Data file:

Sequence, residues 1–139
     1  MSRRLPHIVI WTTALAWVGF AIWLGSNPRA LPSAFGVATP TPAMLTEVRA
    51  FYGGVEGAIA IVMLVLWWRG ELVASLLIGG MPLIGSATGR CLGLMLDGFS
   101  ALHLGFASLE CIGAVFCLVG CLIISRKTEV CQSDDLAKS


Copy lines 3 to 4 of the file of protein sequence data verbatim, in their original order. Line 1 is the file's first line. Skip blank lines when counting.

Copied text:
    51  FYGGVEGAIA IVMLVLWWRG ELVASLLIGG MPLIGSATGR CLGLMLDGFS
   101  ALHLGFASLE CIGAVFCLVG CLIISRKTEV CQSDDLAKS